How to Achieve Creative Freedom
Lee White last edited by Lee White
As i pack up the studio and get ready to move across country I thought I would check in and mention a few things about building a life as a creative person.
One of the things I talk about a lot is the ability to have time to work on things you care about. What is often not talked about is how what you do outside of illustration affects what you can do with illustration. We live in a culture of always going into more debt. And that debt means that you need more money which means you have to always work more. Cars, clothes, technology all contribute to this debt. And the debt will handcuff your creative life quicker than you can imagine. it forces you to take jobs you don't want, in cities that you don't want and the debt keeps piling up. Pretty soon it's too hard to get out from under it all and you don't have time, money, or energy for a true creative life.
As of June 4 (that's the day my house sale closes) I am out of debt. And I don't just mean credit cards. I mean that I don't owe a penny to anyone for anything. No house payment or rent, no car payment, no nothing. Ever. Again. This has been a 7 year plan in the making and I'm not going to say it was easy. I made very tough decisions and had to hope I was headed in the right direction. I spent 12 years remodeling 3 homes all while working and building my career and having a new born, getting my masters degree and also teaching full time at the college level. It was a massive undertaking.
In building this new life I'm also leaving an expensive city for a less expensive city. I'm moving my whole family, leaving friends and all of it still isn't easy. Lots of unknowns are still popping up. But the freedom that is coming with this whole thing is an awesome feeling.
People will say stupid things to keep you in debt. Things like "good credit" and buying things to improve your credit score, etc. Wanting to impress your broke friends, etc. We live in a society that wants you to keep buying. Keep spending. All of that is total crap.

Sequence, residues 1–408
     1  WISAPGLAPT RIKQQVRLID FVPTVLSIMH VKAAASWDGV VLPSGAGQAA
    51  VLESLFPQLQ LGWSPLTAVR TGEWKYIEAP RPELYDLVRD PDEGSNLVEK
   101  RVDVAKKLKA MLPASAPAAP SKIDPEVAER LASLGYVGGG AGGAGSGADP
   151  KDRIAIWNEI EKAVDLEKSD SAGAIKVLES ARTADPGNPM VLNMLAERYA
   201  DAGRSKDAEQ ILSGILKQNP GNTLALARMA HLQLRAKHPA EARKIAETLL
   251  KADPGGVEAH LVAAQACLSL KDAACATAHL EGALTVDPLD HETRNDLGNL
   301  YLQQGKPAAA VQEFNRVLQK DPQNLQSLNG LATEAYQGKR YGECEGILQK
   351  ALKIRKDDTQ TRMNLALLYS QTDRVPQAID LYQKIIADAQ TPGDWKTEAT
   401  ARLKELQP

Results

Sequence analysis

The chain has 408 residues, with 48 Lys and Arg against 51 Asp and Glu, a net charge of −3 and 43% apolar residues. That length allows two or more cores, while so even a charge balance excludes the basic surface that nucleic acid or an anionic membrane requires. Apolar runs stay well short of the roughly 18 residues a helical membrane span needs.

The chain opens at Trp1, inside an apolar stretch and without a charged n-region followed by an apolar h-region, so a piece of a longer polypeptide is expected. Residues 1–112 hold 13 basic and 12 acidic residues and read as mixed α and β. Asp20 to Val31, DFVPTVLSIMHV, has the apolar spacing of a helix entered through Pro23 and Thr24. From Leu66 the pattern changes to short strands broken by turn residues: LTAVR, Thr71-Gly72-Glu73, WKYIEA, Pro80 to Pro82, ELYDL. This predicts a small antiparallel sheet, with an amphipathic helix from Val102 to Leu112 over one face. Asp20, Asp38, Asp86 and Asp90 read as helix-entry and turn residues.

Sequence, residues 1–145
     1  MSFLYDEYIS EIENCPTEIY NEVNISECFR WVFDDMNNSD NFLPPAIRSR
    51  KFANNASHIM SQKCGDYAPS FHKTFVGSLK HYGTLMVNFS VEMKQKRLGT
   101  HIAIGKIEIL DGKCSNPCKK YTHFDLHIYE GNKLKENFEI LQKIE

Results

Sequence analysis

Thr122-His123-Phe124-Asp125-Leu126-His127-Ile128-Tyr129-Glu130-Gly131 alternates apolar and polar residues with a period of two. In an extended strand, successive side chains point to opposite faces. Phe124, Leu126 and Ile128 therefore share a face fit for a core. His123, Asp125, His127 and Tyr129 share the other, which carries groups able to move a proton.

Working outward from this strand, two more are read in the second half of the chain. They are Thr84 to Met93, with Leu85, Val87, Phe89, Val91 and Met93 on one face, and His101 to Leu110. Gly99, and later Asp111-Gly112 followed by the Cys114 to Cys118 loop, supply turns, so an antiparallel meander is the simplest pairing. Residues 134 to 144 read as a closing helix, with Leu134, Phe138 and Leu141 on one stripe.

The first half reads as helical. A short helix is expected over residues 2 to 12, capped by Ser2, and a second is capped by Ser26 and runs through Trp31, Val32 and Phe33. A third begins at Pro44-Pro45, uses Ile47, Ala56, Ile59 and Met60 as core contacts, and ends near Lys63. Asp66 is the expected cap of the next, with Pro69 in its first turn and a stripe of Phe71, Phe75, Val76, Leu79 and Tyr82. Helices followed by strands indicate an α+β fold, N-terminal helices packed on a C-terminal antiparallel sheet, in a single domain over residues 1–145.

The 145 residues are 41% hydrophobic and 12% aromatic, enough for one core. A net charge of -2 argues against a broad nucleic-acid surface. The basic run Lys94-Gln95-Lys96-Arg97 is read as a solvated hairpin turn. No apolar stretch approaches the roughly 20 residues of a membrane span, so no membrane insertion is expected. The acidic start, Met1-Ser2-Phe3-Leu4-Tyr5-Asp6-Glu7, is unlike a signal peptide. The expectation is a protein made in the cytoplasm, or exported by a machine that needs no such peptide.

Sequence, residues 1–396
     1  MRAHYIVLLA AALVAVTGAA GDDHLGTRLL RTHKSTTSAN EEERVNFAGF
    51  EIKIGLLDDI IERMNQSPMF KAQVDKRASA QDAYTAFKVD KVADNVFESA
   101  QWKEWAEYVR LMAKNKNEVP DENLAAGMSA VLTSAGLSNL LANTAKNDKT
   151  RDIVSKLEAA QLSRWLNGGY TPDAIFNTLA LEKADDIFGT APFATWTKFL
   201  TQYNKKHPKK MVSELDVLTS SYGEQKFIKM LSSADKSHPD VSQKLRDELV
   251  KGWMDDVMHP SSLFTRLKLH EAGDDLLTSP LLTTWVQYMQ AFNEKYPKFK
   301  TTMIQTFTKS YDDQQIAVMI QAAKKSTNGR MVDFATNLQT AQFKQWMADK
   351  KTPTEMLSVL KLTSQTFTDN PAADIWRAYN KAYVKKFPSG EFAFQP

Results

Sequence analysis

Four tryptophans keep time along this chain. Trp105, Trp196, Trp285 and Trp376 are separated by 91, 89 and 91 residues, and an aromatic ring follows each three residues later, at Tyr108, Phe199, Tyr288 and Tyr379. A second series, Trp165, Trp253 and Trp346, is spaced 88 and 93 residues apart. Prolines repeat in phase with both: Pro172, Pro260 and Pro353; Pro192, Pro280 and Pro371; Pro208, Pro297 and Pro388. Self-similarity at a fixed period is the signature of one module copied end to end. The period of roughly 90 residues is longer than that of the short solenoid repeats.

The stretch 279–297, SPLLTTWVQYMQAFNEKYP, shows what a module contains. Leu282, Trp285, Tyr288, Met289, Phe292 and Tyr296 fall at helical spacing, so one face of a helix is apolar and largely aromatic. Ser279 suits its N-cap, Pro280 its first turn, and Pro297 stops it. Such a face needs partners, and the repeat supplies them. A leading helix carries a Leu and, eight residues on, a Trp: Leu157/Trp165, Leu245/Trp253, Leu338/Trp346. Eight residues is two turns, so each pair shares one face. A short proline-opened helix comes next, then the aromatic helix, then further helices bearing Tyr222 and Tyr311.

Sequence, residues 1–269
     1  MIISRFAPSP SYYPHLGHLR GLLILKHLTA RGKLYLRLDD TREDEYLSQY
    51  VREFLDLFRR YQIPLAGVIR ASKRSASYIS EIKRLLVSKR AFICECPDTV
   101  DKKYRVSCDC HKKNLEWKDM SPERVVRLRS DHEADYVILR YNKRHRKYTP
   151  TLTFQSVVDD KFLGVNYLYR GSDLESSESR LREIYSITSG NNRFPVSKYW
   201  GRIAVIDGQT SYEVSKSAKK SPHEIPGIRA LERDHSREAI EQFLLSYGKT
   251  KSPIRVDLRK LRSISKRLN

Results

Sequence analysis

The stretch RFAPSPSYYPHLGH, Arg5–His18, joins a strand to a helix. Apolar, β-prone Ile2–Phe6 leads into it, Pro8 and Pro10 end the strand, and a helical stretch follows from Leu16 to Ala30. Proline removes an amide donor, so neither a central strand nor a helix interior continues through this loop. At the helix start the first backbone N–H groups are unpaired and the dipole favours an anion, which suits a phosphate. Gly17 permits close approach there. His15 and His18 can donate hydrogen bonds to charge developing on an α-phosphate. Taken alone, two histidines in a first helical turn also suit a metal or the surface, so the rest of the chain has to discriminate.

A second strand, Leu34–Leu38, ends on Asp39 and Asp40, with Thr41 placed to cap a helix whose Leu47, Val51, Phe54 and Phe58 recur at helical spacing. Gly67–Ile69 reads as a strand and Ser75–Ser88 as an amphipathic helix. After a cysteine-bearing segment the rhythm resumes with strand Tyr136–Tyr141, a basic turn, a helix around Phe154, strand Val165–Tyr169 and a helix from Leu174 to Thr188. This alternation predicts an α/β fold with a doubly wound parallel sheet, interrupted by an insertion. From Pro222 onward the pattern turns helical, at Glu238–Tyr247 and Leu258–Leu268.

But I want to tell you that this is possible for you too. Many people have done it before me. There were two major resources for me in trying to figure out how to go about having no bills. I thought I would mention them here in the hopes that it might help some of you too.
Dave Ramsey: https://www.daveramsey.com/
Dave Ramsey is classic and gives advice like your dad would. He's no nonsense and breaks things down simply. He has a step by step plan for having no debt. It totally works and it can change your life. Note: It isn't easy. You will have to give up luxuries. You might have to move (especially if you are wasting rent on expensive city living), You will have to change. But this is a great place to start if you are sitting there thinking "I could never do that because my situation is ......". Check out his 7 steps then listen to a few of his shows. He also has an audio book I think. It's pretty basic, but can be transformative if you have a problem with debt and spending. It's also great if you don't know what to do first.
Aside from having the coolest name ever, Mr. money mustache is also one of the OG guys I saw who was preaching the no debt lifestyle. I think this group is a little more advanced and hardcore than the dave ramsey group, but they sure have it figured out. Check out the forum and all his advice on leading a lifestyle where you hardly have to earn any money to live. Very motivational!
Remember, this isn't an overnight fix. It took me a crazy long time and sacrifice. This is a lifestyle change. A philosophy change at your core level. I hope at least a few of you out there check it out. People will call you crazy. They will say that you can't live debt free. They will try to convince you of it. But I did it, and you can too. : )
Laurel Aylesworth last edited by
@lee-white I, for one, am excited/curious to see how this major change affects your art work -- after all the moving and living out of boxes ends, that is. I bet you are too
I applaud you (and your family of course). It takes a ton of courage to do this. I wish you the best. And hey, if that less expensive city ends up being Providence, RI, I'll stop by with a casserole.
Lee White last edited by